Thurston County, Wash., Conservation Commission members

Thurston County, Wash., farmers Eric Johnson, right, and Richard Mankamyer sit after being voted out of office Feb. 20 in Olympia by the Washington State Conservation Commission.

OLYMPIA — Two Thurston Conservation District supervisors accused of intimidating staff members and gumming up district finances were ousted from office Wednesday by the Washington State Conservation Commission after a nine-hour hearing.

State commissioners met privately for about one hour after the hearing and returned with a unanimous vote to remove Eric Johnson and Richard Mankamyer. No commissioner explained the decision.

Commission chairman Jim Kropf declined to comment on why the commission concluded Johnson and Mankamyer neglected their duties and acted with malfeasance.

Johnson’s and Mankamyer’s attorney, Shawn Newman, ridiculed the proceeding as a “kangaroo court.” Even before the hearing, the two had sued the state commission over the process used to oust them. The suit is pending in U.S. District Court.

“This is an affront to people who want to volunteer and do their civic duty,” Newman said.

Johnson and Mankamyer, both farmers, have repeatedly clashed with staff members over such matters as spending and the accuracy of meeting minutes. They also were accused of harassing staff members.

The state commission can remove conservation district supervisors. Johnson’s term was due to expire in May, while Mankamyer’s term would have ended in May 2020.

Before voting on removal, state commissioners unanimously agreed that Johnson and Mankamyer neglected their duties by failing to timely approve meeting minutes, and sign time sheets and checks.

In another vote, the commission found Johnson and Mankamyer acted with malfeasance by treating staff members inappropriately. Johnson was also cited for malfeasance for failing to participate in a meeting in November 2017 that contributed to the district missing out on collecting $550,000 from property owners.

Only Perry Beale, who represents the state Department of Agriculture, voted against finding Johnson and Mankamyer acted with malfeasance. “To me, I’d like to see all the proof. I couldn’t quite go there,” he said after the meeting.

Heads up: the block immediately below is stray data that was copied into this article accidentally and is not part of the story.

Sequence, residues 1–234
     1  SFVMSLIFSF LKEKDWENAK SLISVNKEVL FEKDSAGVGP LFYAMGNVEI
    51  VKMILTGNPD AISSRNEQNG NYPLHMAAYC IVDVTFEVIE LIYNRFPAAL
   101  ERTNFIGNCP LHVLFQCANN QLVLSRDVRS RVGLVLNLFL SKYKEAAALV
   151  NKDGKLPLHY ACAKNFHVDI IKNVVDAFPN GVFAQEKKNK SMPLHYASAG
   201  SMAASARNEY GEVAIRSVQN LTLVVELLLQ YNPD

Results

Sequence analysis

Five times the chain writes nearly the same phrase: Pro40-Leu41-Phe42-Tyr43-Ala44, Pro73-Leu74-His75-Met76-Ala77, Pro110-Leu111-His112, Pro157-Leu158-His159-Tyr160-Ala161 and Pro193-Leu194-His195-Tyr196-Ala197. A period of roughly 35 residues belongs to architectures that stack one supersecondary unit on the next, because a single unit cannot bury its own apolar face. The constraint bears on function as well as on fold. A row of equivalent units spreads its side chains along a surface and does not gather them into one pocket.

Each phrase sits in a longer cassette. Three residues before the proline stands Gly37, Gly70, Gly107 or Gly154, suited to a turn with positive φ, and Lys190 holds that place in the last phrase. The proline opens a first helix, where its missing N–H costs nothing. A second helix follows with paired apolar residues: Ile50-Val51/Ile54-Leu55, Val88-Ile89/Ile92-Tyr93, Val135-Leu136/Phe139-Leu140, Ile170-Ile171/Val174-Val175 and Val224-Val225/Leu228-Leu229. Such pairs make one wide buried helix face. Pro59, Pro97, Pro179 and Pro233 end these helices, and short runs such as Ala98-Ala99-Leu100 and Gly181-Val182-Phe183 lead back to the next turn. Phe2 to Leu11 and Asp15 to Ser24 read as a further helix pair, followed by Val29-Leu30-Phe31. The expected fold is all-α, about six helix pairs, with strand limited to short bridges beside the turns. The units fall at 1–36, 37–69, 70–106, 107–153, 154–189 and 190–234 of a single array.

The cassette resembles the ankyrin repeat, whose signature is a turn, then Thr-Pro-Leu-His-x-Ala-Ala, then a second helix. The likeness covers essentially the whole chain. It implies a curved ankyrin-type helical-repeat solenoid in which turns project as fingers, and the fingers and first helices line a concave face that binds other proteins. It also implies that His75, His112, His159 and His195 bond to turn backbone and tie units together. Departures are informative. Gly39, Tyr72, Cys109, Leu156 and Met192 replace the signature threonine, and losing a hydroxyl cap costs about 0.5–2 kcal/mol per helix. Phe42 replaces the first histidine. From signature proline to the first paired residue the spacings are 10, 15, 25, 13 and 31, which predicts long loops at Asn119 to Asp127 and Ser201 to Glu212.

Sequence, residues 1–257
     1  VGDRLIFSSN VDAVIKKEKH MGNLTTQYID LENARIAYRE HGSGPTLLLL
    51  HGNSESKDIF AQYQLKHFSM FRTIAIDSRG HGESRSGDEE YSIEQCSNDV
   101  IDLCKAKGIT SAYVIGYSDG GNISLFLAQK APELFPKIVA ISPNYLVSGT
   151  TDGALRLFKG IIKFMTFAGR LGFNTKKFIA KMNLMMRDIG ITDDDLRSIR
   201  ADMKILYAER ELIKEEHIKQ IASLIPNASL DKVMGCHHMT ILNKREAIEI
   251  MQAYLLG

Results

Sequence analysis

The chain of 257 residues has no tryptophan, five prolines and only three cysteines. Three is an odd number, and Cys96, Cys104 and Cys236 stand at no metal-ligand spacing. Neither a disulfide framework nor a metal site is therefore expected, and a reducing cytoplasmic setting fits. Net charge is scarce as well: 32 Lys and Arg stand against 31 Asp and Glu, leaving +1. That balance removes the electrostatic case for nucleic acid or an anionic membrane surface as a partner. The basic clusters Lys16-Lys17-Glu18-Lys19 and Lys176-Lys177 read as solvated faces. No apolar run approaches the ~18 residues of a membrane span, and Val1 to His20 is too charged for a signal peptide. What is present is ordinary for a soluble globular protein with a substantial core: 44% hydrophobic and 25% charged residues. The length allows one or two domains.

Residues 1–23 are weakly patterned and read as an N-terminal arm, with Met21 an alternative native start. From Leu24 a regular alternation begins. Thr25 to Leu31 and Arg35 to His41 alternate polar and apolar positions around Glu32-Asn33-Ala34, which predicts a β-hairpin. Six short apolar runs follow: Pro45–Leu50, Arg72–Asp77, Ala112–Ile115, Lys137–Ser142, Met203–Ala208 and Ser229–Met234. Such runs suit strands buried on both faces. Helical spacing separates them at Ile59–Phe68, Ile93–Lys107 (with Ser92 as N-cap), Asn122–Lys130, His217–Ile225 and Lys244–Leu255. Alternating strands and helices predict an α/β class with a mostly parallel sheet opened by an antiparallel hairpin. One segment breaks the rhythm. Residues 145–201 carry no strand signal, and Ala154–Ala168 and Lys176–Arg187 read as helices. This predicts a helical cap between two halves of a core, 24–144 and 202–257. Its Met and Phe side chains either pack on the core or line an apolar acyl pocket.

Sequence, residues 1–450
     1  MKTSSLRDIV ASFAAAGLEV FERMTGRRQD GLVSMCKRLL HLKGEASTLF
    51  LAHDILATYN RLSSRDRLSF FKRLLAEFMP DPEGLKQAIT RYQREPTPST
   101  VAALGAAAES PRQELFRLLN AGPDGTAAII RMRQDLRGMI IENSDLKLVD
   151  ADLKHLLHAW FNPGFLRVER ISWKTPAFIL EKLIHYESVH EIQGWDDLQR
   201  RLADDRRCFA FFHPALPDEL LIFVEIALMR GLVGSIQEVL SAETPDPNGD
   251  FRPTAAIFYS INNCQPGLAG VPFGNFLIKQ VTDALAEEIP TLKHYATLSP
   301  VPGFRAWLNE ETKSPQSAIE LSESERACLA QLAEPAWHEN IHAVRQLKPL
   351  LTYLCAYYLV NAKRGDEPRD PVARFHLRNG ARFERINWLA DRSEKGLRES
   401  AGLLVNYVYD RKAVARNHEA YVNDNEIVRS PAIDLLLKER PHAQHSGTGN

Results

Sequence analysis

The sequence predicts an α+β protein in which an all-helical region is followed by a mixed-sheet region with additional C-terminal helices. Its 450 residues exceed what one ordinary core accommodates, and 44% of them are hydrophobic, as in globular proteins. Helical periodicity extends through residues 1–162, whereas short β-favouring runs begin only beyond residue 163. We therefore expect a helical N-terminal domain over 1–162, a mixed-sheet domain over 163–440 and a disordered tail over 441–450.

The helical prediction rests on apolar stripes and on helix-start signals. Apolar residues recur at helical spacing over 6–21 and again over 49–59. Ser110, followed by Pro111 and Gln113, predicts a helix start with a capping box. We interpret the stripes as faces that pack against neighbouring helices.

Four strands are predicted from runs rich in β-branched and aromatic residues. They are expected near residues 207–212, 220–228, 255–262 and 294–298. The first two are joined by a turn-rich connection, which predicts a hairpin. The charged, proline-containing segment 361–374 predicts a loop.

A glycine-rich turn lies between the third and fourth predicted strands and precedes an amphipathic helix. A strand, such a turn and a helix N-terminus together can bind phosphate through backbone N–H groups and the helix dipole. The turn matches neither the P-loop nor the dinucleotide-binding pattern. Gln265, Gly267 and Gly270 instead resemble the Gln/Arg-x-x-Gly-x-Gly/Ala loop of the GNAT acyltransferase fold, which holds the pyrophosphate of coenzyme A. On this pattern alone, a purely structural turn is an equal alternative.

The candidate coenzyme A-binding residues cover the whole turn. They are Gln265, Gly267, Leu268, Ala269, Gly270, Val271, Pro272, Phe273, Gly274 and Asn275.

In testimony, the commission’s lead investigator, Kirk Robinson, said he was struck that staff members he interviewed consistently said Johnson and Mankamyer made them uncomfortable.

“A common theme was a concern for their own personal safety,” said Robinson, who is now the state conservation commission’s interim director.

Robinson’s report noted complaints about negative comments by Johnson and Mankamyer. There were a few specific complaints.

Johnson purportedly told one staff member that another was a “witch.” During an outdoor break at a conference on a cold day, Mankamyer purportedly told two female staff members they should “cuddle” or “huddle,” the words were used interchangeably during the hearing.

In another example cited in Robinson’s report, Mankamyer purportedly told staff members he loved everyone and started to cry. “That’s somehow harassment?” asked Newman.

The district’s interim director, Sarah Moorehead, testified she suspected Johnson stopped outside her home and took photos of her child.

Johnson and Mankamyer denied such conduct. Johnson said he has to drive past Moorehead’s house to get to his dairy farm. Mankamyer called complaints against him fabrications.

Current Thurston Conservation District Supervisor Linda Powell said Johnson gets tired of excuses from staff members for failing to provide him with information. “He gets frustrated, but I have not seen what I would call misconduct, definitely not harassment,” she said.

Jim Goche, who was on the board in 2014-15, blamed conflicts on a longtime struggle over whether the staff or supervisors would run the district. He said he enjoyed working with Johnson and didn’t recognize the Johnson portrayed in Robinson’s report or Moorehead’s testimony.

“I have not witnessed anything that comes close to what I heard,” Goche said. “I can tell you there is a certain exuberance to him.”

The commission dismissed some complaints, but faulted Johnson for not calling in to the 2017 meeting. No supervisor was at the meeting, but two dialed into a conference call. When Johnson didn’t, the board didn’t have a quorum and couldn’t vote to collect property assessments.

Johnson called a friend sitting in the audience at the meeting whose phone verbally announced to everyone that Eric Johnson was calling.

Johnson testified that he was at a Washington State Dairy Federation meeting in Yakima and had two minutes between sessions. He called his friend and learned no other supervisor was there.

Robinson said the district’s operations had deteriorated with Johnson and Mankamyer on the board.

“It went from a functioning district to what I would characterize as a non-functioning district at this time,” he said.

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